Opera attempt leaves them wanting more ... beer

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So I’m at the School of Music singing “Dirty Old Town” to a lauded Canadian opera singer.

It’s 10:30 a.m. and a workday. The type, and quantity, of adult beverage that makes me sing have not been consumed.

No, Elizabeth Turnbull is part of the Opera on the Avalon faculty. She’s teaching me to sing a note.

A minute in, she suspects I’m a baritone, although she may have said, “I can’t bear his tone.”

She’s an acclaimed mezzo, making her an impressive singer, not a sister to “Here & Now’s” Azzo.

She shares wisdom:

• In singing, there are only vowels and breath. Pitches are sustained on vowels.

• Singing is like playing a stringed instrument; it’s energy applied to something that vibrates.

• Breath is applied to the vocal chords, which our ear adjusts to pitch.

There’s a lot of info coming my way. I duck.

Turnbull suggests keeping it simple.

Warm-up exercises begin.

I swallow my shyness and repeat her, “Ooo-ooo-oooOOO-ooo-ooo.”

“Make it ugly,” she pleads.

No prob. Attempt two.

“But can you make it uglier still?” she asks, explaining a paradox.

“When the singing voice goes in the right place, it sounds ugly to the singer. One of the things we say is ‘tin inside and gold outside.’”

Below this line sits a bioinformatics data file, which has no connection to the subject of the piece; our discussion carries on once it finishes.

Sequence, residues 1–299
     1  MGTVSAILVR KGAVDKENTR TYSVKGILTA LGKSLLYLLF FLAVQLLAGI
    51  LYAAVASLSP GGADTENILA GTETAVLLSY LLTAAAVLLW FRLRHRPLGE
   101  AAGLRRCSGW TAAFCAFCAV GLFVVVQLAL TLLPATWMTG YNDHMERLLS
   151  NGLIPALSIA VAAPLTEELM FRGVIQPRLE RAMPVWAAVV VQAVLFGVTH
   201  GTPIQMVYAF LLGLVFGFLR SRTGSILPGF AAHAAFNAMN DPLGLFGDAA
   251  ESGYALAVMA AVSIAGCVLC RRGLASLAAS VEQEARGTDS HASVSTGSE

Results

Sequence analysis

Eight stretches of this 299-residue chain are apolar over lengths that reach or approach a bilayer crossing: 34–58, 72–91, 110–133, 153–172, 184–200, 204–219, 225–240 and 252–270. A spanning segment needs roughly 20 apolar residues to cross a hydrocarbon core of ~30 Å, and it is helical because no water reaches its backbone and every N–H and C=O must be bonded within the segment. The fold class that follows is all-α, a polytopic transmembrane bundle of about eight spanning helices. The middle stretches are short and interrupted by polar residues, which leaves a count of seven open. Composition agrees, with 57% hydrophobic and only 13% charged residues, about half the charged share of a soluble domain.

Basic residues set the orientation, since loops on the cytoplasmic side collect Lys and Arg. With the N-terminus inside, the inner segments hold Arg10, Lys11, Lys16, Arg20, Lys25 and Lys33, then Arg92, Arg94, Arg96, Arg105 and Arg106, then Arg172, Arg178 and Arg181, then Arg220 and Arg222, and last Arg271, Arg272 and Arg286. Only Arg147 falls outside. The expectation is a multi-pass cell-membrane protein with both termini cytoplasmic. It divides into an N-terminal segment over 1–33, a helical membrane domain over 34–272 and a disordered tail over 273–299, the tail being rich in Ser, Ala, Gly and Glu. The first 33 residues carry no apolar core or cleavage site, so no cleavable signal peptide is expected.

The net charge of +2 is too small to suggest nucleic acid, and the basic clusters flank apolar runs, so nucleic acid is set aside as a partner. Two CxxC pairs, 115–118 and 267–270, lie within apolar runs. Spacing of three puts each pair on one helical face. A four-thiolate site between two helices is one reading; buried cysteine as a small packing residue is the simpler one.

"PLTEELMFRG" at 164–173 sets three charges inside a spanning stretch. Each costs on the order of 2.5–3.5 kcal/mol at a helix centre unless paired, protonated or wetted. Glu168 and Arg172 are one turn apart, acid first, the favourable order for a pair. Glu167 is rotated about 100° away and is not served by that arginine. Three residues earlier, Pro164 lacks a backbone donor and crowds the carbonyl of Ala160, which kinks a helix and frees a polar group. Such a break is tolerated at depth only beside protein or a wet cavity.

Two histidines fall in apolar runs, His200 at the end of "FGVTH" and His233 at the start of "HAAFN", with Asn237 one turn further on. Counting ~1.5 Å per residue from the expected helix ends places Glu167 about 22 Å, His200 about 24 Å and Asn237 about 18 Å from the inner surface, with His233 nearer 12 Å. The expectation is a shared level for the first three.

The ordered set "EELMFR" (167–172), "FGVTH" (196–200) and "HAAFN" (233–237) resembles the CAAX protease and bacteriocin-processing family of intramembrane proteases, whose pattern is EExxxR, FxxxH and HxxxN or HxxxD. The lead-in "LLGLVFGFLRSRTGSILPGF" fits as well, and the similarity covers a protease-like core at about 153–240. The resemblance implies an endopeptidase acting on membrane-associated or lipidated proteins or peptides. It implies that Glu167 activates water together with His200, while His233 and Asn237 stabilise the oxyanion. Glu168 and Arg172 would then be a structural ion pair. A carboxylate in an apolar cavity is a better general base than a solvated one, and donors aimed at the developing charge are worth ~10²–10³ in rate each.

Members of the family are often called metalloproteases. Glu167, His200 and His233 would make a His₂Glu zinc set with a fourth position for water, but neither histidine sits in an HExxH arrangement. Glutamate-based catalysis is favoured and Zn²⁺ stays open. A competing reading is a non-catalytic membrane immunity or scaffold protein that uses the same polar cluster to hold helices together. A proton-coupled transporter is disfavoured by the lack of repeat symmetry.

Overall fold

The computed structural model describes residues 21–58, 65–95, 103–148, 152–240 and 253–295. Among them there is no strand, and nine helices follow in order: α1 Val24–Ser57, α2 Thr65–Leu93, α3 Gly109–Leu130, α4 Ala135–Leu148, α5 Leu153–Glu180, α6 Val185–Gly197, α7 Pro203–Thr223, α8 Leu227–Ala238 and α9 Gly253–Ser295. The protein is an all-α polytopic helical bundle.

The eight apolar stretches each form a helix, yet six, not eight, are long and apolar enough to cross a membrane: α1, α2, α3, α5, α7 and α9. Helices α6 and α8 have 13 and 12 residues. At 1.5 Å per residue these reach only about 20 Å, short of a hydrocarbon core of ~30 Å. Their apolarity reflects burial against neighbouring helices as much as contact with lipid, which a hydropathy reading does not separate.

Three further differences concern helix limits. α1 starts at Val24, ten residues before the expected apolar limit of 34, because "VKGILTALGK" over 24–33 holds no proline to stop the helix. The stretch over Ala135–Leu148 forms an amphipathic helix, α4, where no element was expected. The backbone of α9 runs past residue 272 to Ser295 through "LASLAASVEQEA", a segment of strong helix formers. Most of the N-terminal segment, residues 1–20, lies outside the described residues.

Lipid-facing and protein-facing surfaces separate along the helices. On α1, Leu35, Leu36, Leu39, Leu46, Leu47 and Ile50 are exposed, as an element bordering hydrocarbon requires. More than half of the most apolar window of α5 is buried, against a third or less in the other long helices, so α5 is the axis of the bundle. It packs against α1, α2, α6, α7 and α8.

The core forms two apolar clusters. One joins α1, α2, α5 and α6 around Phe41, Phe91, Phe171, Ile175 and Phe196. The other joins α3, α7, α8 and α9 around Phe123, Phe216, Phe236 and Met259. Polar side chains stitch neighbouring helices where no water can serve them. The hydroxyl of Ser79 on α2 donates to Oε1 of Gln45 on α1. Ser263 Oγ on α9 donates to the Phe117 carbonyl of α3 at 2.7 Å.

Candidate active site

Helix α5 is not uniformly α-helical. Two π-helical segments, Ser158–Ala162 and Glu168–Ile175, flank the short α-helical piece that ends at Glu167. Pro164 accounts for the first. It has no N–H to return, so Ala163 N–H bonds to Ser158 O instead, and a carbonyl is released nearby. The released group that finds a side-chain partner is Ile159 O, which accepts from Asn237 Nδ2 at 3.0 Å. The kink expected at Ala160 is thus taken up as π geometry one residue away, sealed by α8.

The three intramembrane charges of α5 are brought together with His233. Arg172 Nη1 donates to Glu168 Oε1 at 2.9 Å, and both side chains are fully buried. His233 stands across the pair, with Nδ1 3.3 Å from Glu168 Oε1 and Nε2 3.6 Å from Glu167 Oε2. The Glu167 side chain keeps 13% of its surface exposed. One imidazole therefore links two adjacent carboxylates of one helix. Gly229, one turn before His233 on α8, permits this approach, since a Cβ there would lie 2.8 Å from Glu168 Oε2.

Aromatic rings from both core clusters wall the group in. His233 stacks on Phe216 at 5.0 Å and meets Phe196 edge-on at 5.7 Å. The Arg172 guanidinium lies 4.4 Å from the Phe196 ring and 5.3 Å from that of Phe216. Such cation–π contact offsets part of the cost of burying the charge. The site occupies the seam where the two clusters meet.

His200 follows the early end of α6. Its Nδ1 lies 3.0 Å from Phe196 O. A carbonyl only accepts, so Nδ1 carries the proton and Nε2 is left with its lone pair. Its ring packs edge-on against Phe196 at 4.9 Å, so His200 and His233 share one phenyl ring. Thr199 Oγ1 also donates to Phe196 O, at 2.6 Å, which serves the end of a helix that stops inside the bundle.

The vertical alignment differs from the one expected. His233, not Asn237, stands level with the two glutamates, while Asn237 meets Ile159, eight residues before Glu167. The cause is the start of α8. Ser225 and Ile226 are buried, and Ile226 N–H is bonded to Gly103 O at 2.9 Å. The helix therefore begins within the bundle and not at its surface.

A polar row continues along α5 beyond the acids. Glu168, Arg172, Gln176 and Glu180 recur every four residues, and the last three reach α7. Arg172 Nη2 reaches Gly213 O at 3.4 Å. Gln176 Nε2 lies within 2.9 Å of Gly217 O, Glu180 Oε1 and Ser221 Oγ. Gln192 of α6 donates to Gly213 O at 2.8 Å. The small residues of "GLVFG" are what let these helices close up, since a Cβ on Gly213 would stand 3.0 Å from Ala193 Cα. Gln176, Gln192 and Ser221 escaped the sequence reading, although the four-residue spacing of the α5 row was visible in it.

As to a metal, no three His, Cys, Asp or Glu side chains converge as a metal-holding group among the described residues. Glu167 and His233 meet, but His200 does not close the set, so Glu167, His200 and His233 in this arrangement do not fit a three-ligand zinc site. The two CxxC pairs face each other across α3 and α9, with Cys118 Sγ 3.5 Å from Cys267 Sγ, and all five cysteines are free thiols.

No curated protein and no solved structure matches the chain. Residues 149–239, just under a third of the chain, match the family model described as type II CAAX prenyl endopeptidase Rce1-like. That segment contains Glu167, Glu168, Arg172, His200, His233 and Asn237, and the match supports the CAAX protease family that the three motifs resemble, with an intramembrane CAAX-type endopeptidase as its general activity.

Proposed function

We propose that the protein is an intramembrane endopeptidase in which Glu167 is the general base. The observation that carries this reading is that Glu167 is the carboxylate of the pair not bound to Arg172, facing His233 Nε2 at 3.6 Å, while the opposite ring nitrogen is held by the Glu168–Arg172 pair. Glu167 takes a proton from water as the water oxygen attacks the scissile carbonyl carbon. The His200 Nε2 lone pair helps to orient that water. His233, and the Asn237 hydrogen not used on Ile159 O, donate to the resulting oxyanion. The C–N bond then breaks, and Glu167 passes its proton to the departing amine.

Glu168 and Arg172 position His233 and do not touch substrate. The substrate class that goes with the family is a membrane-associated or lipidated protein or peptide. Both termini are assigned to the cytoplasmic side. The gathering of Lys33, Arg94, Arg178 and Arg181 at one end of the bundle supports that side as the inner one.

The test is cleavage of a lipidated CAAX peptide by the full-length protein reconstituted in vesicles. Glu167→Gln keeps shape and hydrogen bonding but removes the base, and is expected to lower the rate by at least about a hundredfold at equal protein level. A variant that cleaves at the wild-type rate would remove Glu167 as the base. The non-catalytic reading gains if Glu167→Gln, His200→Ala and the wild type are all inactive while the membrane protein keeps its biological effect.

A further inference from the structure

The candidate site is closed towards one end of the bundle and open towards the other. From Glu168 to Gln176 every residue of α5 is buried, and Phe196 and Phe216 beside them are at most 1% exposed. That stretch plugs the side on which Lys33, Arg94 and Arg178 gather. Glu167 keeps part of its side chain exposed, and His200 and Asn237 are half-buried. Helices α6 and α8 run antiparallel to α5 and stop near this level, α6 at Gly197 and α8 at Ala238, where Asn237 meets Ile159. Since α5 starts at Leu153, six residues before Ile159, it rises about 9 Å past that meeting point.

I want gold, baby.

Turnbull explains opera is sung by getting the body’s core to generate breath for the vocal chords

She makes me sing “Ho” from the gut. I sound like Abe Simpson.

I’m apparently better at “Hea, hea, heaaaaaaa.”

“Highly successful, and not easy to do,” Turnbull tells me.

I’m chuffed. It appears I hit one.

But then we try a song, “Dirty Old Town.” Don Cherry singing, “How Great Thou Art” would sound better.

I’m self-conscious about my awfulness.

Turnbull reminds me the vocal chords should just vibrate, that everything comes from the core.

“Naturally speaking, everyone of us would love more of a six-pack,” she says.

The 45-minute lesson ends. I have a new respect for what’s required to sing opera. Turnbull says it takes years of hard work.

I ask for advice, like I had just auditioned for a really big show.

“You just need to work on strengthening your core,”she replies.

I leave knowing there are completely different types of six pack on our minds.

(This article orginally appeared in the June 15, 2011, Telegram.)

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